“We got them back up,” Stephenson said. “That was the only way they could talk to each other.”
Following Sept. 11, Datamaxx became the unexpected beneficiary of a new flow of money going into law enforcement efforts. “Nobody really cared about criminal justice and public safety until (the terrorist attacks),” Stephenson said. “Then, when all the government funding came out, everyone became an expert.”
A perfect example of the increased security concern: the federal air marshal program. Prior to the terrorist attacks, there were only 32 air marshals, Stephenson said. Now there are close to 4,000. While not a client anymore, Datamaxx won a contract in 2002 to put its software onto handheld smart phones that air marshals could carry with them.
Besides working with local and state law enforcement, Datamaxx also provides its software to prisons, courts, emergency management systems and the newly developed homeland security agencies and departments. The company is also a subcontractor to big defense contractors, such as Lockheed Martin and Northrup Grumman.
Datamaxx doesn’t just develop software that helps agencies communicate. They also can help track, analyze and share data, known as “intelligent policing.”
“Instead of reacting to a situation, you can be proactive,” Stephenson explained. Though Stephenson has no law enforcement background, she often works with and hires former law enforcement officials to work as consultants. These consultants help educate the company as to what law enforcement agencies need to do their jobs better.
Though Datamaxx wants to keep a low profile to protect its clients, it may have a case for belonging on those “best places to work for” lists.
When Stephenson and Waters built the new 34,000-square-foot headquarters in 2001, they decided to install a gym, a large, updated kitchen and an auditorium with high-tech capabilities.
“This is a family oriented company,” said Larry Allen, the Datamaxx director of human resources. “The gym is designed exclusively for the employees and their spouses.”
Because the Tallahassee office employs only about 50 people locally, most employees have the gym (open 24 hours a day) to themselves during their workouts.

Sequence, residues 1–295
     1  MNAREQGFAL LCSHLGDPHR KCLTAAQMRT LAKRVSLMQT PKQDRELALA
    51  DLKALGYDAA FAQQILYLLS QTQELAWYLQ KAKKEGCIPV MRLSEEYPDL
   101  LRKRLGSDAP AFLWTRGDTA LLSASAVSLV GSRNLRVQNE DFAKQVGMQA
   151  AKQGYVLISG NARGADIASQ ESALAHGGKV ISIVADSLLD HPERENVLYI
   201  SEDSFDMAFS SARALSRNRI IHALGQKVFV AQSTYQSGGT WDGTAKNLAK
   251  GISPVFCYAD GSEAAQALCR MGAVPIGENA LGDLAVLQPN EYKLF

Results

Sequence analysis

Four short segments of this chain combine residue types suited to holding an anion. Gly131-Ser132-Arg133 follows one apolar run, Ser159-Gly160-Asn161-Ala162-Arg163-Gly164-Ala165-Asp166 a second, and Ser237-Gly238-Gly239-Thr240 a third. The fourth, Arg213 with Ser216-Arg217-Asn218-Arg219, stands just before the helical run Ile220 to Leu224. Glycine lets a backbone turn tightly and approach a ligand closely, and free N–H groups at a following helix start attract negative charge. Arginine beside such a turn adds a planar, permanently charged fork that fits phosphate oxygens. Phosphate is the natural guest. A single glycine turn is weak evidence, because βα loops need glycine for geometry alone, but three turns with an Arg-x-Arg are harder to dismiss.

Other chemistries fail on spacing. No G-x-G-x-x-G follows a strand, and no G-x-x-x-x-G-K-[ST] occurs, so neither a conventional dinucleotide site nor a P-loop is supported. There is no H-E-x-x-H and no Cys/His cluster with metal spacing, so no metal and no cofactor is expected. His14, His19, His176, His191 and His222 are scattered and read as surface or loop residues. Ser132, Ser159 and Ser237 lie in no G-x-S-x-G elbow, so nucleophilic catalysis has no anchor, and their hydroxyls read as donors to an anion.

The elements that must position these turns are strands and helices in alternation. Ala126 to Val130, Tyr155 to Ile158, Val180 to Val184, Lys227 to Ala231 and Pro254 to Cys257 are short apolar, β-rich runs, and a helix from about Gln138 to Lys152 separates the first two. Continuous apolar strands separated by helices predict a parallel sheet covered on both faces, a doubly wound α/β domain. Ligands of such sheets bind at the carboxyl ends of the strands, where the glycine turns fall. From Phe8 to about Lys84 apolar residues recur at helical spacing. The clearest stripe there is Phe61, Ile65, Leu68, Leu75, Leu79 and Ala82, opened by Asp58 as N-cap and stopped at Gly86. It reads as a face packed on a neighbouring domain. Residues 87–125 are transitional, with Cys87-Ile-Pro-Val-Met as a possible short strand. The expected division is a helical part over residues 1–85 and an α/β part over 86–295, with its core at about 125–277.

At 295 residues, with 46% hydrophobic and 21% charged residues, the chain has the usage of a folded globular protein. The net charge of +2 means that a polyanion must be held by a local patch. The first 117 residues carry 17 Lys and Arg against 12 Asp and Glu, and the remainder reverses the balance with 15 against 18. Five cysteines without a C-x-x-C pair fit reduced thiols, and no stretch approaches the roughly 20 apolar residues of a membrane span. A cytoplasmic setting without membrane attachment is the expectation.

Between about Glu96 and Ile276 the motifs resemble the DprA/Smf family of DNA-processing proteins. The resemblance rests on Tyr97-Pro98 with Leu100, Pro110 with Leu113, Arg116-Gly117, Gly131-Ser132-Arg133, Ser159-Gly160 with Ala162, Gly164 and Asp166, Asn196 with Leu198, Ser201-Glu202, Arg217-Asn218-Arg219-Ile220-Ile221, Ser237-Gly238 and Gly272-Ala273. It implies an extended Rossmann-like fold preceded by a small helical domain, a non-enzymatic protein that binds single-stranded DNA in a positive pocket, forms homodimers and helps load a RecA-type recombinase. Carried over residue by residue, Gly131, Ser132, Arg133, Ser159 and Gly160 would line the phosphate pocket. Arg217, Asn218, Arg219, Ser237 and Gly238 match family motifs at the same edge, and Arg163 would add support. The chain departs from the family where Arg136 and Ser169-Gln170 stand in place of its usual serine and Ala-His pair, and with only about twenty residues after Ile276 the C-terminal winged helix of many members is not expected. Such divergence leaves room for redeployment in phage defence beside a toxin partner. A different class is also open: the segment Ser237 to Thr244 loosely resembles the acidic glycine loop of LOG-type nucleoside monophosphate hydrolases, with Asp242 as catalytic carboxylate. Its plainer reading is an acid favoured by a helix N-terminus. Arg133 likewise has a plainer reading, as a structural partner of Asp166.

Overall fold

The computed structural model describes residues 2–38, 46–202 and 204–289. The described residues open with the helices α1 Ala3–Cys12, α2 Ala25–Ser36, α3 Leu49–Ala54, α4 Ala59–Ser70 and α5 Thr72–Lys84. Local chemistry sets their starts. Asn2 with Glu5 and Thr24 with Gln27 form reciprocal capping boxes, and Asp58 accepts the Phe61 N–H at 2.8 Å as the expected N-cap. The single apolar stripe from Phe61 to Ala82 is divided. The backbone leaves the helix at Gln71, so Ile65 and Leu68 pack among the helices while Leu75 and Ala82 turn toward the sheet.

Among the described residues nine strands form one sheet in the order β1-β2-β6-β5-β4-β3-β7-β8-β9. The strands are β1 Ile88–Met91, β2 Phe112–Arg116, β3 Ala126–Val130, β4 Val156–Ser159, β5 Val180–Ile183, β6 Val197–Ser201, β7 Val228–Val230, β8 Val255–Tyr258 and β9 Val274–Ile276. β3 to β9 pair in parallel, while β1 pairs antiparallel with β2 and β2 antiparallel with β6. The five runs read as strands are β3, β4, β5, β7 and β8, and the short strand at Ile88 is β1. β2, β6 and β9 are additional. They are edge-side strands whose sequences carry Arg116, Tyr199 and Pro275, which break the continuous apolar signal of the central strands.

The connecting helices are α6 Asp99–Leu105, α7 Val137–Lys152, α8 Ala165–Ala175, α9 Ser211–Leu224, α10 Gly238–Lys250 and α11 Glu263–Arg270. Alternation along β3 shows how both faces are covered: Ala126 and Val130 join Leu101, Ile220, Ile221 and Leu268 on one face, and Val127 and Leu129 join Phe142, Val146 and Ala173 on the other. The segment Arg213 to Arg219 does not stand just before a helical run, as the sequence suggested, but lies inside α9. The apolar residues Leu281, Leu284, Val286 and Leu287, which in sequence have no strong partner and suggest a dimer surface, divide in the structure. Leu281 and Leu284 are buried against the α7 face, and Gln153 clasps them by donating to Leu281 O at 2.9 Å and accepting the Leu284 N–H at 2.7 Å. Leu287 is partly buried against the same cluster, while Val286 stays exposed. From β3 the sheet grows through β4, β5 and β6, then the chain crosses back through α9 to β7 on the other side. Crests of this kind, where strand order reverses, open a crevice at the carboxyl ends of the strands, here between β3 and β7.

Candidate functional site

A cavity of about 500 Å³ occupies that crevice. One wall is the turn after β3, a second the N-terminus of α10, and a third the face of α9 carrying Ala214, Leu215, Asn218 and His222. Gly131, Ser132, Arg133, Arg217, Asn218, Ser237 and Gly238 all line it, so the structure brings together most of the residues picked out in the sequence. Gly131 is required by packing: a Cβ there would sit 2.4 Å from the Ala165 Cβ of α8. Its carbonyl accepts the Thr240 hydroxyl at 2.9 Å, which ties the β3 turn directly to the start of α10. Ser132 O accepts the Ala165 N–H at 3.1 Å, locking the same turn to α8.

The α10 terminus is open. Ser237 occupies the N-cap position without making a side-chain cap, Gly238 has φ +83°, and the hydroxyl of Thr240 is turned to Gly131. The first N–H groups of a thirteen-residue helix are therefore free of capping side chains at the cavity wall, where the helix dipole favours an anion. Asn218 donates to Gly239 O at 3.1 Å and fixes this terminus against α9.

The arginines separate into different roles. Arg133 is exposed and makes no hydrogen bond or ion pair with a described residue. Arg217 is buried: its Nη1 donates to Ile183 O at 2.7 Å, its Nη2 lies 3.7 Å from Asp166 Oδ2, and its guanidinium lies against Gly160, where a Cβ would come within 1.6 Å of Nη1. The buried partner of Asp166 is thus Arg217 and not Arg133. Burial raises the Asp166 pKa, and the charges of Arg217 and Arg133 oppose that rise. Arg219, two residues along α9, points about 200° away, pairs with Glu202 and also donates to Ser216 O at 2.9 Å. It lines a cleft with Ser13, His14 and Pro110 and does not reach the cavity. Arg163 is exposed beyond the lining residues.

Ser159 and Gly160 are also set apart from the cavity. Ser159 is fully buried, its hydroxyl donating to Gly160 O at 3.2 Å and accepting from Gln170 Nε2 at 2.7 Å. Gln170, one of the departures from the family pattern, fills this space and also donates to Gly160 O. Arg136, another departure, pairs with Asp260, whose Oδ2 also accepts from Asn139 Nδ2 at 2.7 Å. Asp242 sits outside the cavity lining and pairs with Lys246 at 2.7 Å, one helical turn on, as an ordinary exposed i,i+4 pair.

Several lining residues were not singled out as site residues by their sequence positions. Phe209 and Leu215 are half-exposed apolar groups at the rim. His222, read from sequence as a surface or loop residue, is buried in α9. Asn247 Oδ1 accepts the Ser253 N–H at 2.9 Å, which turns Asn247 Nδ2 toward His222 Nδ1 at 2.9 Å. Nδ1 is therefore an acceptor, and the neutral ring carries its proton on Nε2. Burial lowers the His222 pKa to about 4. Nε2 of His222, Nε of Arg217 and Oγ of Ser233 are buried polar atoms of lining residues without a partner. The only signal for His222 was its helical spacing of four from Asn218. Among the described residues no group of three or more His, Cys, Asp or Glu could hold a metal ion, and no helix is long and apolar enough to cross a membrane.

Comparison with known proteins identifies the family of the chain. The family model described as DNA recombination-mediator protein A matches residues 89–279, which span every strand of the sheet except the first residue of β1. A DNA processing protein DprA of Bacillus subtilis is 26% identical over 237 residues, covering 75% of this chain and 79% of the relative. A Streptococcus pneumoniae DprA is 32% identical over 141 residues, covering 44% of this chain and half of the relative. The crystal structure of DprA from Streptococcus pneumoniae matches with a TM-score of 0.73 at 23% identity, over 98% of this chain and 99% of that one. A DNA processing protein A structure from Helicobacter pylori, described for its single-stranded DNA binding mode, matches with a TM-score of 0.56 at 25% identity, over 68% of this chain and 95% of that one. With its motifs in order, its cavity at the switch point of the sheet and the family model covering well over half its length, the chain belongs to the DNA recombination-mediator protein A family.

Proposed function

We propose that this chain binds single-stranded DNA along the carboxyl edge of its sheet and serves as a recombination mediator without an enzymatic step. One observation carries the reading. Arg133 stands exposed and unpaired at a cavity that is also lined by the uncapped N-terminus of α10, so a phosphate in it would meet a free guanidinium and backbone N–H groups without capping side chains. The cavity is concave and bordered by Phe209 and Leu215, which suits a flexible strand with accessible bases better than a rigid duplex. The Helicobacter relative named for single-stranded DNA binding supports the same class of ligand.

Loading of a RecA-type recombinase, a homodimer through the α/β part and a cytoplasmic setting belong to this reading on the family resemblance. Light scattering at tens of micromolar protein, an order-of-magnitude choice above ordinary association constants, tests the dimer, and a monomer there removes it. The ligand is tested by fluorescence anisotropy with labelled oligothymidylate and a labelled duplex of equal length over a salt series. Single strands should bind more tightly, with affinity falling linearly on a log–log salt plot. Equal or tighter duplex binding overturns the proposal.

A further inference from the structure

Datamaxx also has a liberal policy on working from home, keeping flexible hours, or bringing your pets or kids to work.
“Everybody here is a professional,” Stephenson said.
The bulk of her employees are engineers, sales and technical support.
Stephenson also doesn’t mind if employees bring their kids to work. “A lot of people here have children and if school is off for the day, they can bring their kids here, I don’t care,” Allen said. “They can play around on the computer or do whatever they want to do.” Like Stephenson, Allen said he trusts in the self-discipline of each employee.
Stephenson said managers try hard to keep their employees motivated by nominating one person each month to a “job well done” award, which culminates in a coveted annual award.
“We have a really good retention rate,” Stephenson said. “We don’t have much turnover.”
Even a company as successful as Datamaxx, with a geographically diverse client list, has hit a few bumps in the road in this sluggish economy.
Stephenson said in 2005 the company had annual revenue of $30 million. Allen said at its height, the company employed 120 people. But when the contract for the federal air marshals ended, and the economy began collapsing, “we got hit bad,” she said.
“Because when governments cut back, the first place they look is to their vendors,” Stephenson said. Many wouldn’t outright cancel the contract, but they would ask for discounts. “We were discounting 20 percent,” Stephenson said.
After conducting some of its own cost-cutting measures, such as trimming its employee count by half, Datamaxx has returned to profitability. “This year is going to be a good year and last year was a good year, as far as profitability.”
Datamaxx By The Numbers
- $12 million in annual revenue
- 58 employees
- Founded in September 1991
- 2,500 clients
- 500,000 end users
- The total size of the IT law enforcement industry is $12 to $18 billion